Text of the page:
It’s not for no reason that Shabbos is called the “cornerstone” of Jewish faith. This is not just because a Jew has to take a step back from daily life for the Seventh Day, and cease from controlling creation, and acting like a god. Shabbos, like Torah itself (both of which are called “Tree of Life”) embodies all the axioms of creation, waiting to be realized through the learning and the personal experience of each.
This does little to explain what Shabbos is all about, and there is much more to add to this. However, it does inspire one to find out about what it really means to “protect” Shabbos, and it helps to make clearer why the mitzvah of Shabbos overrided even the building of the portable House of G-d.
We mentioned last week that Betzalel was chosen as the architect to construct the parts of the Mishkan. This week’s parsha reiterates his appointment, and gives us cause to re-examine the midrash mentioned last week. The Talmud states:
Betzalel was named as an indication of his wisdom. When The Holy One, Blessed is He, told Moshe, “Tell Betzalel to make Me a Mishkan, an Aron, and implements,” Moshe switched the order and said, “an Aron, implements, and a Mishkan.” He [Betzalel] asked him, “Moshe Rabbeinu, is it not the way of the world to first build a house and then after put the vessels into it? And yet, you are telling me to first make the Aron and the implements! Where shall I put them?” He answered him, “[You’re right!] That’s how The Holy One, Blessed be He, told me to do it … Make a Mishkan, an Aron, and then the implements. Perhaps you were in the shadow of G-d (b’ztel E”l)?” (Brochos 55a)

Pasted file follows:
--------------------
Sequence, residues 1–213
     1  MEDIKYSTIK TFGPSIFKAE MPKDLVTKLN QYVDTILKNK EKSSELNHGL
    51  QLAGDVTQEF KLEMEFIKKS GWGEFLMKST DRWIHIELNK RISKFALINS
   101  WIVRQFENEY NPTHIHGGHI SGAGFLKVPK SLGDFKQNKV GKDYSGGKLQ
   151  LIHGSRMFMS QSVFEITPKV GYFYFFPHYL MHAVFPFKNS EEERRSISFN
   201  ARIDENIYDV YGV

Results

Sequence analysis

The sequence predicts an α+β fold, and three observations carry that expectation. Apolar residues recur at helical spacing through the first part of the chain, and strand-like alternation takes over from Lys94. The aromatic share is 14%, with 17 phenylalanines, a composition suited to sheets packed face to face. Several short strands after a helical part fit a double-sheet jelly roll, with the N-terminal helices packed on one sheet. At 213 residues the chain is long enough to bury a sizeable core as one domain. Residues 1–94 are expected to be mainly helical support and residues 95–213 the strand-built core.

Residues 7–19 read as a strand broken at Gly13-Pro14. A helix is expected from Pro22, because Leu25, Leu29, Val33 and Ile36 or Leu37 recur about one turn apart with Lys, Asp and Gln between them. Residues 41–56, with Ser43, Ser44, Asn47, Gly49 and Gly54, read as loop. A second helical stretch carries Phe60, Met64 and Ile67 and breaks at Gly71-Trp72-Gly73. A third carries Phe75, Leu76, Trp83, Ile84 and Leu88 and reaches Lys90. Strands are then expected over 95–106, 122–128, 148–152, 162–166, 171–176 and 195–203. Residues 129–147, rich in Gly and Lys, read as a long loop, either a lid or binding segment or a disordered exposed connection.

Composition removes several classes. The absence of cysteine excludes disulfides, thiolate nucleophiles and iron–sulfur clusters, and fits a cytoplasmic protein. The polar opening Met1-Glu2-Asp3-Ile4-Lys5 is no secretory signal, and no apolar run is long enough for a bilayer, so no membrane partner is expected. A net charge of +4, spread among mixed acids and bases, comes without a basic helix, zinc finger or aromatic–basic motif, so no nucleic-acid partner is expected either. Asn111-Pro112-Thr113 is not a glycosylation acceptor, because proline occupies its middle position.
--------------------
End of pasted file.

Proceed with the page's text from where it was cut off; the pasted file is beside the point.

The question we did not ask last week was, why did Moshe switch the order of the construction around (we can safely assume that his memory had not failed him)? Was it merely to test Betzalel, to make sure he was “good for his money” (that he knew what G-d wanted, even when told the opposite by someone he trusted explicitly)?
Perhaps. On the other hand, perhaps this episode alludes to something far deeper.
It is brought down that when Adam ate from the Tree of Knowledge of Good and Evil and caused mortality and his expulsion from the Garden of Eden (and every single tragedy in the history of mankind since), he had done so for all the right reasons. If so, wherein lay his grave error? The Holy Books answer, not in what Adam did, but in the order of what he tried to do.
To make a long and complicated explanation simple and short (albeit not-so-satisfying), Adam thought that the special “light” he was to draw down into creation from Above, to elevate creation to its highest level and thereby redeem mankind once-and-for-all, required preparation. After all, when G-d made man, did He first create his soul and then his body, or the other way around? Hence, there had been good precedence for Adam’s approach to rectifying creation.
Adam knew that creation, upon his “arrival” was good but not perfect. He knew that he had been created and given godly “powers” to finish the job, and that G-d had great expectations for him. He understood that he possessed the ability to usher in the Messianic Age himself, and that doing this meant bringing into creation a higher level of spiritual “light” than creation, at that time, could handle. Therefore, immediately, he set about the task of preparing the “body” of creation for a loftier “soul.”